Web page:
Employee remuneration reports

Employee remuneration goes beyond salary. Understand the different types and review remuneration reports to find out how they impact your business and staff.

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What is remuneration?

Remuneration is the total package of compensation that employees get in exchange for their work. It goes beyond salary and considers other factors in their compensation, including non-monetary benefits.

Employee remuneration directly impacts employee value proposition (EVP). EVP is the overall set of benefits that attract employees. Having a clear sense of your business’ remuneration strategy can be key to retaining your awesome staff and preparing to expand the team.

Common types of employee remuneration

Base salary or wages

These are the fundamental components of employee remuneration. This indicates an employee’s fixed regular payment for work done per hour, week, or month. It is the predictable and guaranteed portion of an employee’s compensation package.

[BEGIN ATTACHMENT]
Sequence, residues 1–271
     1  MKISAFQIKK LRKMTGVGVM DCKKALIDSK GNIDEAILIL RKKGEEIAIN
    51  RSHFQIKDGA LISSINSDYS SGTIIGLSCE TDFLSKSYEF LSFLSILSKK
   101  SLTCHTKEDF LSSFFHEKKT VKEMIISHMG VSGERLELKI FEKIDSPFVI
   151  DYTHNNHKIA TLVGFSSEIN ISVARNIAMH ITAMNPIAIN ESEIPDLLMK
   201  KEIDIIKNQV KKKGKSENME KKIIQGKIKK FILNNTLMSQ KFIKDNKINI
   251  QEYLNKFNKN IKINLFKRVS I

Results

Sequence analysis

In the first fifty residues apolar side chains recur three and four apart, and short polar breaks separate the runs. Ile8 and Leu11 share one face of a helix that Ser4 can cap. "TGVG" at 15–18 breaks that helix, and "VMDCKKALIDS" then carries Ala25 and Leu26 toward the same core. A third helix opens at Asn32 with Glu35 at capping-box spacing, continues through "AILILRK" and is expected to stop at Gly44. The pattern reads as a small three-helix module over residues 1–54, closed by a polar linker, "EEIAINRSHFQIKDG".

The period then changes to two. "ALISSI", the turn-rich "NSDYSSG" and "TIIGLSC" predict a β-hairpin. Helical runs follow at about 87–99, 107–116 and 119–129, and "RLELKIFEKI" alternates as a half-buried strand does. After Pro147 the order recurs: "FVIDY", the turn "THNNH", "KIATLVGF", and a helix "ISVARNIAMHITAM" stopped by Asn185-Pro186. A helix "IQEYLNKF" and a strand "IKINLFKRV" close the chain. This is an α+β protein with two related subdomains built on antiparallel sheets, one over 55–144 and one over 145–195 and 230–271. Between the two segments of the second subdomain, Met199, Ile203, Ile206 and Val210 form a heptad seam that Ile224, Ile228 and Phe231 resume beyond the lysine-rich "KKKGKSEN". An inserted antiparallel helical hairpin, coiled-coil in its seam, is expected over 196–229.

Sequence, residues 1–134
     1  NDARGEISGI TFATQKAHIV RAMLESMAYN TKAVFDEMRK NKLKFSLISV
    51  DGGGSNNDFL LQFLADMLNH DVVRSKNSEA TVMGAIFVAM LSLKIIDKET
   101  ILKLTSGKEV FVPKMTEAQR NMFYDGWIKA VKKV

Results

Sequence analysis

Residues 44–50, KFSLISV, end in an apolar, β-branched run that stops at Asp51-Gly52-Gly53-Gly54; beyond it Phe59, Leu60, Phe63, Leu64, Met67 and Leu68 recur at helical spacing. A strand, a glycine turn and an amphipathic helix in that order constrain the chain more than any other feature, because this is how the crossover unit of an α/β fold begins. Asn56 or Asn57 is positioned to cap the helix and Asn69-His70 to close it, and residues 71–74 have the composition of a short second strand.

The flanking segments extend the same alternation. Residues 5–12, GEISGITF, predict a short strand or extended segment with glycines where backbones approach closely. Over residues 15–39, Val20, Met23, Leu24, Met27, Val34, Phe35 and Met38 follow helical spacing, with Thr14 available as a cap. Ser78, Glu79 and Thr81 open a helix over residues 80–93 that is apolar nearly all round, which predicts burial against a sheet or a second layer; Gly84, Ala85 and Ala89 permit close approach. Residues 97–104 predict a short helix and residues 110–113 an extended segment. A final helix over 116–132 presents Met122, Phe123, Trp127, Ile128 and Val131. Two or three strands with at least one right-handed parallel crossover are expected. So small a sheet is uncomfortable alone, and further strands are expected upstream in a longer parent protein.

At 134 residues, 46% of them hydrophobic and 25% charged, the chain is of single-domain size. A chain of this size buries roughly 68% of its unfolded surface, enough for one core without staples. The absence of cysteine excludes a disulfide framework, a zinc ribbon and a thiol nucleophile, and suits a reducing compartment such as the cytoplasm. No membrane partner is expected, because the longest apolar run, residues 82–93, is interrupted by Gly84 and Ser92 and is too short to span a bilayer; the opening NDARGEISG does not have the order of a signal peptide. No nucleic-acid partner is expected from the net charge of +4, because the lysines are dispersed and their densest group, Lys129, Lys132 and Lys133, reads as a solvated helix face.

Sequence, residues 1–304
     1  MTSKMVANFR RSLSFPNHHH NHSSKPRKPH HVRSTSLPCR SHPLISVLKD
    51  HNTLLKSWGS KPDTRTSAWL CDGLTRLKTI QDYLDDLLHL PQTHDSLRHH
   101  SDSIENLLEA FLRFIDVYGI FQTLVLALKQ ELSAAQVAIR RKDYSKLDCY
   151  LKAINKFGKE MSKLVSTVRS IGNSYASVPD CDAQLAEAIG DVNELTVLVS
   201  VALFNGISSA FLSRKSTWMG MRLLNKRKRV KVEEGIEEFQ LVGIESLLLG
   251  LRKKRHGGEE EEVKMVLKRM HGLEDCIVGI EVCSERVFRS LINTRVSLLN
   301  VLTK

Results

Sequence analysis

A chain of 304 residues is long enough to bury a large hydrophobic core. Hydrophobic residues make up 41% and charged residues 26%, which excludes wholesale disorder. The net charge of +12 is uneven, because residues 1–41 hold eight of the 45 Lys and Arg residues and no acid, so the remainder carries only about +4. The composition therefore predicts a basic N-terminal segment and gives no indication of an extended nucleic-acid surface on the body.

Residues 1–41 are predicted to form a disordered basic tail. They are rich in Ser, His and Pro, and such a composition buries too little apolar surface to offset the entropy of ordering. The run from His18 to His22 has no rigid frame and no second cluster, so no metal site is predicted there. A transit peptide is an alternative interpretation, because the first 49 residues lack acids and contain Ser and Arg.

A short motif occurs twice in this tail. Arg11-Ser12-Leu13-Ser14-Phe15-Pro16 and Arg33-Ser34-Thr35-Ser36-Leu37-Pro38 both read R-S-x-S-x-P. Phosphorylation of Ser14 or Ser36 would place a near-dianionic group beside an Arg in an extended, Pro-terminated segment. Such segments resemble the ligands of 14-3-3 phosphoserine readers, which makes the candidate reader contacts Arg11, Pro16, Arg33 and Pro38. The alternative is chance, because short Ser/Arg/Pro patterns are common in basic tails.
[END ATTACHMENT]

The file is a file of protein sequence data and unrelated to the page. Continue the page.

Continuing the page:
While it is the core element of remuneration, it’s just one piece of the puzzle. Many employers offer other forms of remuneration.


Commissions are performance-based remuneration directly tied to an employee’s sales performance. Typically, these employees are in sales-oriented roles, such as real estate agents and insurance brokers.

The amount employees earn from commissions varies depending on the percentage of total sales, which can depend on the industry, company policy, or product sold. Some organisations have a tiered commission structure to encourage employees to hit high sales targets.